Editors note: This story is part of a Feature "The Color of Plants on Other Worlds" from the April 2008 issue of Scientific American.
What's the matter with antimatter? New data may hold the answer.
NASA scientists have identified the lightest black hole yet, just 3.8 times the mass of the sun, in a binary star system in the Milky Way known as XTE J1650-500.
Planetary scientist resigns less than a year after being appointed to run NASA's budget-strapped science office
XCOR sets 2010 as the date when its Lynx suborbital spacecraft will bring civilians to the cusp of space
Articles from past issues of Scientific American
NASA astronomers were blown away last week by what was far and away the strongest gamma-ray burst (GRB) ever observed.
Space methane suggests the possibility of space cows; space robots are serving their NASA masters (for now); and why is everything in space made of matter?
Space methane suggests the possibility of space cows, space robots are serving their NASA masters (for now), and why is everything in space made of matter?
An extrasolar planet contains methane (which, being organic, could suggest life), Canada's space robot is aweseome, RIP Arthur C. Clarke, and matter vs. antimatter - why did matter win?
Slippage in Titan's rotation suggests water between its surface and core—and a higher likelihood of ancient life on Saturn's biggest moon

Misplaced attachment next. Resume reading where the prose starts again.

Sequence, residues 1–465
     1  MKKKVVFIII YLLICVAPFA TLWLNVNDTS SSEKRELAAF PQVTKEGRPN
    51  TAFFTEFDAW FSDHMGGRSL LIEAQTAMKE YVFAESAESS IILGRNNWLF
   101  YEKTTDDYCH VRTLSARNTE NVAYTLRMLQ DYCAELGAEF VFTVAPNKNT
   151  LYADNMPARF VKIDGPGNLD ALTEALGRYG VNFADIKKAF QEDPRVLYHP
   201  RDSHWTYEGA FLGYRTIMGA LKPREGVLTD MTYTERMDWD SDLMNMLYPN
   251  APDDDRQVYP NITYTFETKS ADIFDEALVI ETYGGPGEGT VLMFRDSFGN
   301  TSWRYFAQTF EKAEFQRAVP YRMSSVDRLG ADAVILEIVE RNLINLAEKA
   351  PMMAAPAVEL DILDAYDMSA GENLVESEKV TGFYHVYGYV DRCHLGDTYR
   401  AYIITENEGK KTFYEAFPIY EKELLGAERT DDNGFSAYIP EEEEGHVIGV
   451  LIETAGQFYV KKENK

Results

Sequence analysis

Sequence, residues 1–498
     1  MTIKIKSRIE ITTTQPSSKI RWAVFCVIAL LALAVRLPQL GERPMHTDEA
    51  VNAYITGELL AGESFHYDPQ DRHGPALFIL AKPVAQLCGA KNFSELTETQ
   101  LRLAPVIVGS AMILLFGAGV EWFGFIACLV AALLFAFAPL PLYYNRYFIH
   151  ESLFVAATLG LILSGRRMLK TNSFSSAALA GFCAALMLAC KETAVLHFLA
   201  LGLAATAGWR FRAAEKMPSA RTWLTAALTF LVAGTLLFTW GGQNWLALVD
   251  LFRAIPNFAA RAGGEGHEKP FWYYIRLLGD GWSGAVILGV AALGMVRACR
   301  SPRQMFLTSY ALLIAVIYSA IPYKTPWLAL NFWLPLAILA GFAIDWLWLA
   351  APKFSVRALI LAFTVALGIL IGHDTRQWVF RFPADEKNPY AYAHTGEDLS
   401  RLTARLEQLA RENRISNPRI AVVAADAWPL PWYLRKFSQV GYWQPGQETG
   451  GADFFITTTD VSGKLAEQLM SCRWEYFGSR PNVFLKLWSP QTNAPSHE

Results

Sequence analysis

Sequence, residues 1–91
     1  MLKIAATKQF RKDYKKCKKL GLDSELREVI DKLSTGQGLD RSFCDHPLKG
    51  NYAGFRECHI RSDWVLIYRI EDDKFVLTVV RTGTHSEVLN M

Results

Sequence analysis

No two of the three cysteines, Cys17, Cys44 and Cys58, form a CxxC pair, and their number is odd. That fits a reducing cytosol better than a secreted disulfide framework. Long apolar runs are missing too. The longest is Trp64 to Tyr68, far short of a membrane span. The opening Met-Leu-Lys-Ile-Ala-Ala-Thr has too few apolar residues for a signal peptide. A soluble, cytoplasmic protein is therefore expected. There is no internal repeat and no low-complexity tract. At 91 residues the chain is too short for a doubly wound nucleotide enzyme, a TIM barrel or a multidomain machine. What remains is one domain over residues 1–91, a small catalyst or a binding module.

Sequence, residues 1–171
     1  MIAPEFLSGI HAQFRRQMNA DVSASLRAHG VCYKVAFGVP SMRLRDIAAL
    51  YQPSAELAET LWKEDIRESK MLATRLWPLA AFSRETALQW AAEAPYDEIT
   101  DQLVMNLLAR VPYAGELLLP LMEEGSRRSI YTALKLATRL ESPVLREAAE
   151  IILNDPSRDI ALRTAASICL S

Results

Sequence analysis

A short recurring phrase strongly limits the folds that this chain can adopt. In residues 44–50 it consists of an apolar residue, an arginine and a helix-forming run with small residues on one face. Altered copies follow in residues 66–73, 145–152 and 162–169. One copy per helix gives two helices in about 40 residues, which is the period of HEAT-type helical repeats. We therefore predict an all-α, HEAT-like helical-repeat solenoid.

Can extraterrestrial ruminants be far behind?
At a conference last week, NASA administrator Michael Griffin outlined the space agency's next phase of planetary and lunar science research. Steve Mirsky reports.
Mars may have needed acid rain to stay wet
Missing in action: ultraenergetic cosmic rays from the Virgo cluster
Why a leaky black hole is more like a mirror ball from hell
SpriteSat mission combines magnetoresistive random access memory (MRAM) with a silicon integrated circuit to read, write and store information about Earth's magnetic field
Sandy particles seen circling around a young binary star system 2,400 light years from us could be an early stage in the formation of a new earth-like planet. Steve Mirsky reports.
The star called HE 0437-5439 looks like it was tossed out of the Large Magellenic Cloud by a hypothesized black hole. Steve Mirsky explains, with reporting by Harvey Black.
Researchers hope to detect faint radiation emanating from a new laboratory version of a black hole event horizon